n the river."

Most visiting anglers focus on the first thirteen miles of the river below the YellowtailD

am. The crowds, especially in the first three miles below the dam, can be thick, espe-

ially in the summertime. The river below Bighorn Access Site slows significantly and

he fish populations diminish, drawing far fewer anglers. While the fish are fewer and

redominantly browns, they are also bigger. This is a boon for Barry.


"There's some very productive water on the lower section, and the fishing is very chal-

enging. The 'Horn is a gentle river at this point, reminiscent of Henry's Fork in places.

like fishing small flies and fine tippets. I can find this kind of angling on the lower

ighorn, and I generally have little competition for the water." Large streamer patterns

ast against the banks and stripped quickly to the boat will also generate hard strikes

rom big brownies in this stretch.

Due to low water conditions in the last few years, fish populations and catch rates on

he Bighorn have suffered. But Barry's passion for the river has not dampened. "We

aven't seen sensational fishing as of late, but when you fall in love with a river, you stayw

ith it. The river's had some tough times but it's getting better."

ARRY BECK and his wife, Cathy, conduct fly-fishing schools, clinics, and presentations

nd lead fly-fishing trips to fresh- and saltwater destinations around the world. Their

hotographs appear regularly in sporting calendars and magazines, including Fly

isherman and Field k Stream (see The Becks' books

nclude Cathy Beck's Fly Fishing Hand-book, Seasons of the Bighorn (written with George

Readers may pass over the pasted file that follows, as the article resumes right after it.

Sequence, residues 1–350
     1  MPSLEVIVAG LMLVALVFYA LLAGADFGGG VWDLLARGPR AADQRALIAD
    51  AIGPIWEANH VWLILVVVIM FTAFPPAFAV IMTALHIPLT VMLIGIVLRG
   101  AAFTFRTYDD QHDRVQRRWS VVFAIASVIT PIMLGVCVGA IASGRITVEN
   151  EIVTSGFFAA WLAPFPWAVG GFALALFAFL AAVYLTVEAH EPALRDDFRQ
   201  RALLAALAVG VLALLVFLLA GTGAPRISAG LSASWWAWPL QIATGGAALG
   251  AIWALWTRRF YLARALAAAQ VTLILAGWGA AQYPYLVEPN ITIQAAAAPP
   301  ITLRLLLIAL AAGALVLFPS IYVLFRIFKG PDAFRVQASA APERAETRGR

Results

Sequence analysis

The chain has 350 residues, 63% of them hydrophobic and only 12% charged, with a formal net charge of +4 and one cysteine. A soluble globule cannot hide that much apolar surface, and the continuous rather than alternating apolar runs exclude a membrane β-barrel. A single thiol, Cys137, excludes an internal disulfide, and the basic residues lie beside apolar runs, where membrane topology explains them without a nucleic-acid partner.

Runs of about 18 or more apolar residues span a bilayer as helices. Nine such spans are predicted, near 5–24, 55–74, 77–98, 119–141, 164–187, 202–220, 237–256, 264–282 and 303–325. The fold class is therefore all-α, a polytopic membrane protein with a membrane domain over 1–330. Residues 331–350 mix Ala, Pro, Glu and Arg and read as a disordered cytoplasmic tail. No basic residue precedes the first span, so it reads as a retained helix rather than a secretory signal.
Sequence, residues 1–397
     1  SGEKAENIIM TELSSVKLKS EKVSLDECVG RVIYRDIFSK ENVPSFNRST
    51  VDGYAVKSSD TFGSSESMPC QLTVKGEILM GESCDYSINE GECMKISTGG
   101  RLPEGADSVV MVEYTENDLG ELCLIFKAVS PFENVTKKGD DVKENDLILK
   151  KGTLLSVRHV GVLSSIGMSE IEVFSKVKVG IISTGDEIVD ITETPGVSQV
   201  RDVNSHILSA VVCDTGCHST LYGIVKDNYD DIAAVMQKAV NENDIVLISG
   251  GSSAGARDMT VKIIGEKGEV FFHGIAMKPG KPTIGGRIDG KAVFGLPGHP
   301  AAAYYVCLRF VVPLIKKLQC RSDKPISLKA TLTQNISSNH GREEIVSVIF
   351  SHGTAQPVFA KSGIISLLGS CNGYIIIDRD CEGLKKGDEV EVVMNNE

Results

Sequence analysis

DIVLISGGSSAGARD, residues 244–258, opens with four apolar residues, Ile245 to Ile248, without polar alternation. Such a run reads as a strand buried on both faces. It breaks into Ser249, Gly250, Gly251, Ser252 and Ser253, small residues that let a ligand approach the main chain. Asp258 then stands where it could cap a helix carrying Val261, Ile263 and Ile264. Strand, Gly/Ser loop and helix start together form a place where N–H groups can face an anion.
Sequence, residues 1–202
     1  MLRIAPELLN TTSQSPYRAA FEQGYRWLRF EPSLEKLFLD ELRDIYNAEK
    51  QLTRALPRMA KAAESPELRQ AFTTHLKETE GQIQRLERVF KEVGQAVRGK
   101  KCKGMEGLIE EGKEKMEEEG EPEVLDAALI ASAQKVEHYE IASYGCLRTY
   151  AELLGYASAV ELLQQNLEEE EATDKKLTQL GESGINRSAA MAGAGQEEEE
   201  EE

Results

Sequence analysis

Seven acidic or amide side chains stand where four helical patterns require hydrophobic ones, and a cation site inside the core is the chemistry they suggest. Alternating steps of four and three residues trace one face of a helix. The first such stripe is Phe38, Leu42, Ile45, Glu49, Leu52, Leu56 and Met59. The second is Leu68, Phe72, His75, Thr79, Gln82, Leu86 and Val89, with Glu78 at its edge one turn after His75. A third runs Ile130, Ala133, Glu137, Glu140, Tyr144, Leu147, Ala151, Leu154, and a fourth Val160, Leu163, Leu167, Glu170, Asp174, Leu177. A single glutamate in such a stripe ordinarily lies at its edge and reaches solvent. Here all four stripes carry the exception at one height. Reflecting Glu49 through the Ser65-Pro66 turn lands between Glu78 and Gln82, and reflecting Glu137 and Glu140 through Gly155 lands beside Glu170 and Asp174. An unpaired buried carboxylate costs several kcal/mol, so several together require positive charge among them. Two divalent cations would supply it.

elly), Fly Fishing the Flats, and Favorite Pennsylvania Fly Water.




0' Prime Time: Late July through mid-August is when the Bighorn has its most prolific

atches — and accompanying crowds. The river fishes well from early July through Sep-

ember and is also open to fishing in the winter, when despite fiendishly fickle weather

t can still fish quite well.

, Getting There: Fort Smith generally serves as home base for anglers focusing on the

ighorn. The town — a collection of a few fly shops, lodges, and assorted trailers — is

bout ninety miles southeast of Billings, which is served by a number of commercial car-

iers. Note that Fort Smith is located on the Crow Indian Reservation. No alcohol is sold

here. If you enjoy a drink after fishing you should plan on bringing your own.

D. Accommodations: Fort Smith exists to serve anglers, and a variety of accommodations

re available Kingfisher Lodge (800-835-25,29; offers excel-

ent guides, accommodations, and meals. Simpler accommodations, including rental

omes for larger parties, are available from Bighorn Trout Shop (406-666-2375; www.big and Bighorn Fly and Tackle (888-665-1321;;

hese simpler rooms average $1oo per night for two. The fly shops and lodges can

rrange guide services (on average, $350 per day for two anglers). It's worthwhile to hire

guide the first day you're out on the river, as he or she can give you a sense of the river'sr

ich entomology. If you have some rowing experience, you can rent a boat the second day

nd do it yourself.

P- Equipment: As much of the fishing is done from a drift boat, most anglers suit up

ith with two rods: a 9-foot 4- or 5-weight rig for fishing dries and a 9-foot 6- or 7-weight

od for nymphs and streamers. A floating line will work for all situations except fishing

treamers, when you might prefer a sink-tip; reels should carry ioo yards of backing.

ring along 9-foot leaders tapered to 4x or 5x, and tippet from 3x to 7x. Depending on the

ime of year, the following flies will cover most situations: Parachute Adams, Pheasant

ail, Hare's Ear, Elk Hair Caddis, Stimulators, Sparkle Duns, PMD Cripples, X-Caddis,

arachute Trico, Griffiths Gnat, San Juan Worm, and Scud (check in the local fly shops

o see what colors are working). Smaller tends to work better on the Bighorn, so stock up

n sizes from #I4 to #20 ... and even smaller for the Trico hatch.